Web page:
Give Youth Skills to Achieve Inclusive and Sustainable Development
The World Youth Skills Day was marked on Monday July 15th 2019. This provided a moment to reflect on efforts being spearheaded nationally and globally in engaging youths towards sustainable development through the provision of skills. Without inclusivity, development cannot be sustainable; it will only prove disruptive. Yet inclusivity cannot be achieved without carrying everyone along, including the youth.
Young people have the potential to turn around things by bringing in the energy, the enthusiasm and the innovation needed to spur economic development. This is especially important for our country Kenya which is among those with the highest percentage of young people (aged 15-24) making the population at 20.3%. And the bane of unemployment has disproportionality affected them, at times due to inadequate skills needed by the labor market, other times due to the longer periods it takes them to transition from school to work. Consequently, many youths still struggle in their endeavor to meaningfully participate in the development of our nation.
The United Nations estimates that the youth are thrice as likely as older people to stay out of employment and when they finally do get employed, they face a number of labor inequalities that include lower quality jobs.
Possession of requisite skills enables the young people enter decent well-paying jobs while access to funds allows them the opportunity to showcase their creativity and business acumen when they start and run enterprises which create employment not only for themselves but for others as well. Government initiatives such as the Youth Enterprise Development Fund (YEDF) are instrumental. And to build on them, partnerships are crucial because sustainable development is all about building partnerships and leveraging each other’s strengths, which is why YEDF for instance recently, partnered with the Kenya Climate Innovation Centre- a business innovation hub in Nairobi- to support Kenyan youth through skills acquisition and financing.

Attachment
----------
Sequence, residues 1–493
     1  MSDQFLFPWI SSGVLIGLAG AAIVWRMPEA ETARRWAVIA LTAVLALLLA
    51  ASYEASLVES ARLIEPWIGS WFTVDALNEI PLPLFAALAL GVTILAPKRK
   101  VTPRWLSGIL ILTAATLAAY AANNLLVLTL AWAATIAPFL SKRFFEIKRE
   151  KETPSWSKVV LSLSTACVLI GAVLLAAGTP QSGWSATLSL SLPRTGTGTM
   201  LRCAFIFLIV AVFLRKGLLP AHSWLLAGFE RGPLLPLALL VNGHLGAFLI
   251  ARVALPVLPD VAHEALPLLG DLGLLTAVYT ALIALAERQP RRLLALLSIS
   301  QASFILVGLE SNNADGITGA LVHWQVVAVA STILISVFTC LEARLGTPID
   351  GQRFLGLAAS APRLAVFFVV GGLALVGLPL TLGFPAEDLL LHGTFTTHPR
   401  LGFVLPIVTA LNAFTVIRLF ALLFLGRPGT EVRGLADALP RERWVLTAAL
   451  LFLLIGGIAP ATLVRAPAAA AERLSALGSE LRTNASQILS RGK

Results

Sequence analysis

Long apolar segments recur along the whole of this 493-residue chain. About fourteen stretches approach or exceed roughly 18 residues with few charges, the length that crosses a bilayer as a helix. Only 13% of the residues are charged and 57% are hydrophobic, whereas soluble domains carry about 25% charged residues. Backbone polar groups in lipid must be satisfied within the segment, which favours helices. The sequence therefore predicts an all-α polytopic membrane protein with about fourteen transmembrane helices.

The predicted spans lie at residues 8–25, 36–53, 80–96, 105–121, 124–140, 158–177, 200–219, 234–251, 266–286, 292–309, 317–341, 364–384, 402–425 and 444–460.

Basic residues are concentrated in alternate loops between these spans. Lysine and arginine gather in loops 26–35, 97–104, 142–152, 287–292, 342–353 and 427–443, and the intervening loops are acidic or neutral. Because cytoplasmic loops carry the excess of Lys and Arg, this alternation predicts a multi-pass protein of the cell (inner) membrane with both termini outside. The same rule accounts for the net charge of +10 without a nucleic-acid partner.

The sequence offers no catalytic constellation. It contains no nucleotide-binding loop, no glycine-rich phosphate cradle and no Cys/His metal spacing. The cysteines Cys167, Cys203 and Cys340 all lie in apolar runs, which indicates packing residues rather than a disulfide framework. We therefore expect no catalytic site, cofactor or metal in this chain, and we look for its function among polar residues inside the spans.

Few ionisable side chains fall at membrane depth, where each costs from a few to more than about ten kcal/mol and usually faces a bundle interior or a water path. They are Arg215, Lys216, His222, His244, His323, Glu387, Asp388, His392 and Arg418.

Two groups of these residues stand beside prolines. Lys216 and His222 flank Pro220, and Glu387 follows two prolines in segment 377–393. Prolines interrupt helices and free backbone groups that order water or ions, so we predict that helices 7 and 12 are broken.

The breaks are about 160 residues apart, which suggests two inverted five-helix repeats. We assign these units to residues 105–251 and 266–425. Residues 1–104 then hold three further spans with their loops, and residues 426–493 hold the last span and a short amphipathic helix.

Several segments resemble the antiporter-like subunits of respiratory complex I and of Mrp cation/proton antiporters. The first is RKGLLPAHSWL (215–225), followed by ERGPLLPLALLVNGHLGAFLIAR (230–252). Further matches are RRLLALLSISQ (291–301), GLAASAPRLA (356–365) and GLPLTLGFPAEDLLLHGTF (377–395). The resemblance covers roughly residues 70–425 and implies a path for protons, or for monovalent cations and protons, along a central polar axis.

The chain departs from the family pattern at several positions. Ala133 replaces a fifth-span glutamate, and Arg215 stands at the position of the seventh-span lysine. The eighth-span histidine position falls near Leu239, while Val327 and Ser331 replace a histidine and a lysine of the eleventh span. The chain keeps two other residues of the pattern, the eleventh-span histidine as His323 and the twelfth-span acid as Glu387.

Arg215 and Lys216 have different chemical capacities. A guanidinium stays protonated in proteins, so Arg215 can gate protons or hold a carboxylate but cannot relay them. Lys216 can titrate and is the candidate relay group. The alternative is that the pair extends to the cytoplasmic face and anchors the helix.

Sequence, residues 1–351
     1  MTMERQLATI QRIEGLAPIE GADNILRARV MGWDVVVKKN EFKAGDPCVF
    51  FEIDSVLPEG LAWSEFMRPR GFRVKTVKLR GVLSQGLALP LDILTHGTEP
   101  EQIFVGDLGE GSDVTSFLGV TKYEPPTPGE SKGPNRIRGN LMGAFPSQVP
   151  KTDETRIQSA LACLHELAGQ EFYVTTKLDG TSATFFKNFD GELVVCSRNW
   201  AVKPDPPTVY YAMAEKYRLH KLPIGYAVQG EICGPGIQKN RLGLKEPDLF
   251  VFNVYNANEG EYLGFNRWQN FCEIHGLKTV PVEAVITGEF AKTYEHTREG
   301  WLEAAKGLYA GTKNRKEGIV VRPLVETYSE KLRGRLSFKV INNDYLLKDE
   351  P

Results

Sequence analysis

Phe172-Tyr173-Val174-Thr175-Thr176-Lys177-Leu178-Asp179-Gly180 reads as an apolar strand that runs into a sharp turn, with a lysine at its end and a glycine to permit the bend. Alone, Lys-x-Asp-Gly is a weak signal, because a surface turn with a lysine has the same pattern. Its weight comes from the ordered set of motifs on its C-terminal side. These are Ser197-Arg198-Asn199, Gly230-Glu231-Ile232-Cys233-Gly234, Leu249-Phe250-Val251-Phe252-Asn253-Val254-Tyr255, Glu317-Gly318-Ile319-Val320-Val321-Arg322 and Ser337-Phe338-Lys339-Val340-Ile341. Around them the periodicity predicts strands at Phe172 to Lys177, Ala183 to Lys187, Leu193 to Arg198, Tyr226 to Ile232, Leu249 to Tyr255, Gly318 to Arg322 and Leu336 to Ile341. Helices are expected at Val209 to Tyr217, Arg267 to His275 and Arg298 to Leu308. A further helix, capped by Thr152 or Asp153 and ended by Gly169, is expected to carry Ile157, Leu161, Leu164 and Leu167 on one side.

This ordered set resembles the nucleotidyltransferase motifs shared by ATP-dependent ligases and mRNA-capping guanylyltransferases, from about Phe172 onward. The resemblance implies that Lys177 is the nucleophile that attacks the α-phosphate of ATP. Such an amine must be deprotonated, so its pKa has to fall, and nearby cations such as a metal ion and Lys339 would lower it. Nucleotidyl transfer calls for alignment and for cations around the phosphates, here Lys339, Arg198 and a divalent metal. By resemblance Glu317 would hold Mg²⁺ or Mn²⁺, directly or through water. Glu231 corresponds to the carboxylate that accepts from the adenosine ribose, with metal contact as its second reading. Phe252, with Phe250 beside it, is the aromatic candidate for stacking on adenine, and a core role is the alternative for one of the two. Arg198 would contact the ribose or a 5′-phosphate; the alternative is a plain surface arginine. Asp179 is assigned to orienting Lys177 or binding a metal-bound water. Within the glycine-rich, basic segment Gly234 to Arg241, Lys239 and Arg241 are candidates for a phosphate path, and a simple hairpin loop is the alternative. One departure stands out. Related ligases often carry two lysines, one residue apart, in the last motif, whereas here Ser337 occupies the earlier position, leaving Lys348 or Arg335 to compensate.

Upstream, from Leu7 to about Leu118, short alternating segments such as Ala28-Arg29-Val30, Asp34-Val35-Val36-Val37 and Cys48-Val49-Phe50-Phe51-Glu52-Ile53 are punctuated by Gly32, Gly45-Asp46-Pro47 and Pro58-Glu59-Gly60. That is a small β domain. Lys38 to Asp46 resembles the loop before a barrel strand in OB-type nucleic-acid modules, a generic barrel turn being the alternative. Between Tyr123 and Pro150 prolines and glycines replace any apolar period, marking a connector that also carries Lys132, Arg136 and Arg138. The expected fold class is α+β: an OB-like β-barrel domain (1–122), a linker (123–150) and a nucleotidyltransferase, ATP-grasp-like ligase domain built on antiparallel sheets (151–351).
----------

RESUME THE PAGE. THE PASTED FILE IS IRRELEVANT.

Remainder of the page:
This will be done through youth mobilization, sensitization, information sharing, business development services, incubation and mentorship, networking for youth enterprises as well as market support linkages. This is on the understanding that in addition to acquisition of skills, a young person may just be in need of understanding how to penetrate a market or network with others for their product to have high impact.
Related Article: KCIC partners with youth fund to promote entrepreneurships
Now is the time to capitalize on the youth bulge, currently being propelled by the growing numbers of millennials and post-millennials, and place them at the center of development initiatives. And there is no better way to go about it than to empower them with the much-needed skills then linking them to opportunities, especially those available in high growth sectors such as the creative industry. When their competencies are developed, their transition to decent jobs is accelerated thereby shortening the often-long school-to-work transitions.
Redacted versions of this article were originally published in the Daily Nation on Wednesday 17th July 2019 and in The Star on Thursday 18th July 2019 by Vincent Ogaya.